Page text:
1. Physical Symptoms
Some of the physical symptoms a person can experience are:
- Shortness of breath
- Feeling restless
2. Mental Thoughts
Anxious people frequently exhibit cognitive patterns such as
- Making more assumptions
- Nothing thinking
- Constant tension
- Expecting the worst
3. Anxious Behaviors
The most obvious change you can notice is in the person’s behavior. Common signs of behavior change include
- Avoiding threatening circumstances or occurrences
- Don’t trust anyone
- Angry and frustrated when faced with feared circumstances
- Excessive Actions
Seven Ways: How to Help Someone with Anxiety
Normal anxiety and Anxiety disorders are different things. If you come across any friends who suffer from an anxiety disorder, be there for them and provide your support.
If you’re not sure how to help someone with an anxiety attack, check out these 7 ways and provide them the suitable advice.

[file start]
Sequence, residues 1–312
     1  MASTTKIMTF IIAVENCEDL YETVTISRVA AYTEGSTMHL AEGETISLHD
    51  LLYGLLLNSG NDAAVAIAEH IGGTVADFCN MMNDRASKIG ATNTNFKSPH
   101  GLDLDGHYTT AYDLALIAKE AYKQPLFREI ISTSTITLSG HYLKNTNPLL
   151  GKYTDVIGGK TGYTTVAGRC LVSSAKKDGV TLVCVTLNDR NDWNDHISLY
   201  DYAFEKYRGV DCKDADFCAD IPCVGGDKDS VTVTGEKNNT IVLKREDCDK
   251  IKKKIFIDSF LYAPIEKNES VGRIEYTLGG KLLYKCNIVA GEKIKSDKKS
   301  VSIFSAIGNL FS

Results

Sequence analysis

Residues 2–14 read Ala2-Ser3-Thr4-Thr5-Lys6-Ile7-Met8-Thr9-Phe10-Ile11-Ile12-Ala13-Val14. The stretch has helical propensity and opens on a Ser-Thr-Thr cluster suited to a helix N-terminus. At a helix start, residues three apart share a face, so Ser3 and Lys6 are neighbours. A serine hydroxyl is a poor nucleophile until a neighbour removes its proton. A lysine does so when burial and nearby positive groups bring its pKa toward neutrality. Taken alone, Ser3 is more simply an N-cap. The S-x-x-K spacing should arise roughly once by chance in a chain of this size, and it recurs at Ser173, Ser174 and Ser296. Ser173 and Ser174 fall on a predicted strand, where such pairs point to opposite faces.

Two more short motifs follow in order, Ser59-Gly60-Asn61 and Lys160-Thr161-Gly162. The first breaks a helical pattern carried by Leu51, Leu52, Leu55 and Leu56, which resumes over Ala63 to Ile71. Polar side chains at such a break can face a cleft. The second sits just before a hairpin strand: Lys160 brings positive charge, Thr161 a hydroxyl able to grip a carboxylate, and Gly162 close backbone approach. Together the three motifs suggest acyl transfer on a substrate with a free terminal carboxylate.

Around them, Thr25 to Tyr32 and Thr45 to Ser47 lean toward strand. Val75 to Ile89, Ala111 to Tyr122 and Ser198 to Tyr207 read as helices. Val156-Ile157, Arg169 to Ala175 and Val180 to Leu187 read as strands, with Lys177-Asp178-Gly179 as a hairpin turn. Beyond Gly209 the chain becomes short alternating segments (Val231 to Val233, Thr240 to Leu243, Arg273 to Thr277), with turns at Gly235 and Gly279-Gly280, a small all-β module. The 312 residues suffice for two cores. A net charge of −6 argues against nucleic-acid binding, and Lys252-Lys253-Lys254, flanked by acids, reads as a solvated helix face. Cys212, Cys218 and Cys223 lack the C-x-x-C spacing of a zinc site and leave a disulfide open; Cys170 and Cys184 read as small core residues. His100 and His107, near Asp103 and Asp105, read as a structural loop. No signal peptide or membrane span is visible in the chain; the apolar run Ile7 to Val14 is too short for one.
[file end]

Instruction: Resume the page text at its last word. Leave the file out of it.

1. Pay Attention To How They Feel
It is important to pay attention to the person, listen to their problem, and validate their feelings. They will get comfort from you.
Actually, a person with anxiety is afraid of “What if this nasty thing happens?” These things make fear in their mind. At that moment, only observed their feelings.
Do not give too much advice, because constant reassurance may worsen and exacerbate their symptoms.
Teach them how to handle the problem, and what the real situation is, and do so. It will save them from chronic anxiety attacks.
To help someone with anxiety disorder, you can suggest the following natural remedies for anxiety attacks:
- Activities for deep breathing
- Performing some physical activity
- Experiencing nature
- Talking with a trained therapist
2. Encourage Them To Take The Best Care